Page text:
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Hazard Identification

Based on a thorough review of the scientific literature, the hazard identification step outlines the adverse health effects that have been demonstrated to be caused by the nutrient. The primary types of data used as background for identifying nutrient hazards in humans are as follows:

  • Human studies. Human data provide the most relevant kind of information for hazard identification and, when they are of sufficient quality and extent, are given greatest weight. However, the number of controlled human toxicity studies conducted in a clinical setting is very limited because of ethical reasons. Such studies are generally most useful for identifying very mild (and ordinarily reversible) adverse effects. Observational studies that focus on welldefined populations with clear exposures to a range of nutrient intake levels are useful for establishing a relationship between exposure and effect. Observational data in the form of case reports or anecdotal evidence are used for developing hypotheses that can lead to knowledge of causal associations. Sometimes a series of case reports, if it shows a clear and distinct pattern of effects, may be reasonably convincing on the question of causality.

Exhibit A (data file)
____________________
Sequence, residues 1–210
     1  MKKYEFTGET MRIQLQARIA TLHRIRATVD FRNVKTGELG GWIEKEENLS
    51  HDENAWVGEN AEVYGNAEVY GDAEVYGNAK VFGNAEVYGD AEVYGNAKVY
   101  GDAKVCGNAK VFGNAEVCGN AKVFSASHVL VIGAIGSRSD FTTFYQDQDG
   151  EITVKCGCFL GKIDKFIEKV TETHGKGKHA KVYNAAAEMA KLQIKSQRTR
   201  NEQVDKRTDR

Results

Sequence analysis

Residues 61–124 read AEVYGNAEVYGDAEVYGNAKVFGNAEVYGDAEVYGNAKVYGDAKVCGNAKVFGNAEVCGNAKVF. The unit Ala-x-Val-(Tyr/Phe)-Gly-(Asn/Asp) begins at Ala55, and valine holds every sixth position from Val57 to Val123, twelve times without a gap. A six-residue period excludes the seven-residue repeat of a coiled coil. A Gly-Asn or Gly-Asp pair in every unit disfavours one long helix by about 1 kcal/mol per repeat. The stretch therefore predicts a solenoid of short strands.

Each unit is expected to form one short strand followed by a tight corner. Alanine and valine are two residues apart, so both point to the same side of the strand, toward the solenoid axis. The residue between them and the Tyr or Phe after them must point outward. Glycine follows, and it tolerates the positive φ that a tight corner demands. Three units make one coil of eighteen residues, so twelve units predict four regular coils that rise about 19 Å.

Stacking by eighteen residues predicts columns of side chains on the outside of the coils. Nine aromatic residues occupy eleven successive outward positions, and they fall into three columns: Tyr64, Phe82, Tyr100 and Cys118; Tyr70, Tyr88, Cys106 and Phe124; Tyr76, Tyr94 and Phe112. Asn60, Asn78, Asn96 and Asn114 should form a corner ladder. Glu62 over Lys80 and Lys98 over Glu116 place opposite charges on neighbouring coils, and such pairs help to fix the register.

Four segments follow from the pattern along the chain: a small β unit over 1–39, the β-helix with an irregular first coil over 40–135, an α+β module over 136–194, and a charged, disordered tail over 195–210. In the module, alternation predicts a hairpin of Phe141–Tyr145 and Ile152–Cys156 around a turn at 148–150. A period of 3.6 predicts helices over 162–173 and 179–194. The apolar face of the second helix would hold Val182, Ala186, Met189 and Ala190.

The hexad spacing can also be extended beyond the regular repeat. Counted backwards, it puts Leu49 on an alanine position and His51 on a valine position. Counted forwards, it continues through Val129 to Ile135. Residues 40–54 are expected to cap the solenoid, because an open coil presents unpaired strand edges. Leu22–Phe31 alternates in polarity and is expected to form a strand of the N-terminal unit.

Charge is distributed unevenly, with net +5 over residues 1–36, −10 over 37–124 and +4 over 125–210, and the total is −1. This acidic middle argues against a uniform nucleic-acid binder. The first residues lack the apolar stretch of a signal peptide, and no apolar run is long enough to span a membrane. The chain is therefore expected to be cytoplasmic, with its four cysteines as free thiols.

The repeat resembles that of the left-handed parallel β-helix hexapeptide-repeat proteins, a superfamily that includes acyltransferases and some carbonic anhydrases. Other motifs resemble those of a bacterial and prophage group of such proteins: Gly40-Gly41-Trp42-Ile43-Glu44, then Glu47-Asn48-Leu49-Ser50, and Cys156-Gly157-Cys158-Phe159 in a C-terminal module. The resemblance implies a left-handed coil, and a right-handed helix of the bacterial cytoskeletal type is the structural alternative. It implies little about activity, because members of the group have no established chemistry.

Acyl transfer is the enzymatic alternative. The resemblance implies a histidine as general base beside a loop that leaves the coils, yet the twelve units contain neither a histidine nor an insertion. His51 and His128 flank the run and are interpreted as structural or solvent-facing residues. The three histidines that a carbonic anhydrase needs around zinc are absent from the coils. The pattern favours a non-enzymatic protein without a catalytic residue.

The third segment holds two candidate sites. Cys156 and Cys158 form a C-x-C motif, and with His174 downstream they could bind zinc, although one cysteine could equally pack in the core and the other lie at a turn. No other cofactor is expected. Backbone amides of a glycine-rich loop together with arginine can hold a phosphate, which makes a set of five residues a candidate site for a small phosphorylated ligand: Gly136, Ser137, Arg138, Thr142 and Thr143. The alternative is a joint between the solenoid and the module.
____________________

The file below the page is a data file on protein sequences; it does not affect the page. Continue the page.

• Animal studies. Most of the available data used in regulatory risk assessments come from controlled laboratory experiments in animals, usually mammalian species other than humans (e.g., rodents). Such data are used in part because human data on nonessential chemicals are generally very limited. Because well-conducted animal studies can be controlled, establishing causal relationships is generally not difficult. However, cross-species differences make the usefulness of animal data for establishing Tolerable Upper Intake Levels (ULs) problematic (see below).

Six key issues that are addressed in the data evaluation of human and animal studies are the following (see Box 3-1):

  1. Evidence of adverse effects in humans. The hazard identification step involves the examination of human, animal, and in vitro published evidence addressing the likelihood of a nutrient eliciting an adverse effect in humans. Decisions regarding which observed effects are adverse are based on scientific judgments. Although toxicolo-

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